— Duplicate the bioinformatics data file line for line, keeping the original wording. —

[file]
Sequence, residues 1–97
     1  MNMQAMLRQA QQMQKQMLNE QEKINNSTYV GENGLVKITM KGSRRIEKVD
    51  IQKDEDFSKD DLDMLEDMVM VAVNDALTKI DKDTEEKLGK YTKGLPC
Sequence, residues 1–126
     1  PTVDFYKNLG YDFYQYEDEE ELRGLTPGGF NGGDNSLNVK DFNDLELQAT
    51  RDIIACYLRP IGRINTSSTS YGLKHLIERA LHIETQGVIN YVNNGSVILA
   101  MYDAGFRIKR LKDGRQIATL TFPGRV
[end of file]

Sequence, residues 1–97
     1  MNMQAMLRQA QQMQKQMLNE QEKINNSTYV GENGLVKITM KGSRRIEKVD
    51  IQKDEDFSKD DLDMLEDMVM VAVNDALTKI DKDTEEKLGK YTKGLPC
Sequence, residues 1–126
     1  PTVDFYKNLG YDFYQYEDEE ELRGLTPGGF NGGDNSLNVK DFNDLELQAT
    51  RDIIACYLRP IGRINTSSTS YGLKHLIERA LHIETQGVIN YVNNGSVILA
   101  MYDAGFRIKR LKDGRQIATL TFPGRV